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Sonic Persuasion

Reading Sound in the Recorded Age

Greg Goodale

Publication Year: 2011

Sonic Persuasion: Reading Sound in the Recorded Age critically analyzes a range of sounds on vocal and musical recordings, on the radio, in film, and in cartoons to show how sounds are used to persuade in subtle ways. Greg Goodale explains how and to what effect sounds can be "read" like an aural text, demonstrating this method by examining important audio cues such as dialect, pausing, and accent in presidential recordings at the turn of the twentieth century. Goodale also shows how clocks, locomotives, and machinery are utilized in film and literature to represent frustration and anxiety about modernity, how race and other forms of identity came to be represented by sound during the interwar period, and how programming producers and governmental agencies employed sound to evoke a sense of fear in listeners. Goodale provides important links to other senses, especially the visual, to give fuller meaning to interpretations of identity, culture, and history in sound.

Published by: University of Illinois Press

Series: Studies in Sensory History


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Title Page, Copyright

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List of Illustrations

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p. vii

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pp. ix-xi

The genesis of this project lies in Lawrence W. Levine’s single-word response to a question I posed about obscure historical sources. To complete a graduate class in cultural history, I attempted to make sense of thousands of letters written to console Ida McKinley after the assassination of her husband in 1901. As...

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p. xiii

I would like to thank three groups for their assistance in helping to research, write, and publish this book. First, I thank the librarians and archivists at the University of Illinois libraries, Snell Library at Northeastern University, the Boston Public Library, Mugar Library at Boston University, the Boston...

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1. Reading Sound

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pp. 1-15

Undergraduate students often encounter Franklin Delano Roosevelt’s first inaugural address during their academic adventures. Political scientists, American historians, and rhetorical critics, in particular, like to use this speech. The oration is certainly historic, not to mention interesting and easy to read. The address...

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2. Fitting Sound

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pp. 16-46

During the 1890s, millions of Americans tried out a surprising invention produced in Thomas A. Edison’s Menlo Park factories. Eleven years after its invention in 1877, Edison had finally made the new device marketable. The automatic phonograph, a “nickel-slot” machine (essentially, a jukebox with one recording) that...

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3. Machine Mouth

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pp. 47-75

At the end of the nineteenth and beginning of the twentieth centuries, many found the sounds of modernity disturbing. But humans are remarkably adaptable, and so over time and sometimes with training, most grew familiar with the sound of the ticking clock, the clickity-clack of the locomotive, and the...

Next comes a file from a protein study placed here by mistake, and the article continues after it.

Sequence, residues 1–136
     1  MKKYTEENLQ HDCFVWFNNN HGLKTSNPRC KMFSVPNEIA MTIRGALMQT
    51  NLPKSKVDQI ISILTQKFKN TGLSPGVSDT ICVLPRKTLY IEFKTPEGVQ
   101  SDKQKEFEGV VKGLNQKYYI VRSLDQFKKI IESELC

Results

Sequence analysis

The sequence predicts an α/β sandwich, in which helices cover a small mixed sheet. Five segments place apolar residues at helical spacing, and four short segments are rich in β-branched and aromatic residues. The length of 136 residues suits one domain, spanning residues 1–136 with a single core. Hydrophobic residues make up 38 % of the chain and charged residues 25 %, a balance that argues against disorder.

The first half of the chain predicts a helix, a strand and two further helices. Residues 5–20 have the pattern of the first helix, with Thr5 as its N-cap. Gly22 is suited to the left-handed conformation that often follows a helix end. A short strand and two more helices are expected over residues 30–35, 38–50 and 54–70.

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4. The Race of Sound

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pp. 76-105

Jimmie Rodgers, the father of country music, recorded a few blues tunes at the Victor Corporation’s Hollywood studio during a visit to California in July 1930. One of the songs he recorded required more than he could provide through his weak voice and simple guitar picking. So a pianist and a trumpet player were...

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5. Sounds of War

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pp. 106-131

The ancient Greeks told tales of the sirens whose voices so enchanted seamen that the mariners lost their minds and crashed their ships onto the shores. The sirens’ calls were irresistible. Even Odysseus, after plugging his mariners’ ears, had to be tied to the mast to prevent himself from losing his mind, his ship, and...

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6. On Sound Criticism

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pp. 132-153

Thomas A. Edison invented the phonograph in December 1877 and promptly put further development of the invention aside as he perfected another innovation, electricity. Edison only made the phonograph practical in 1888. Though Edison made few recording devices that first decade, stories abound about the...


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pp. 155-181


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pp. 183-189

E-ISBN-13: 9780252093203
Print-ISBN-13: 9780252036040

Page Count: 208
Publication Year: 2011

Series Title: Studies in Sensory History
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OCLC Number: 741558444
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Research Areas


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Subject Headings

  • Sound -- Recording and reproducing -- United States -- History.
  • Sound recordings -- Social aspects -- United States -- History.
  • Persuasion (Psychology).
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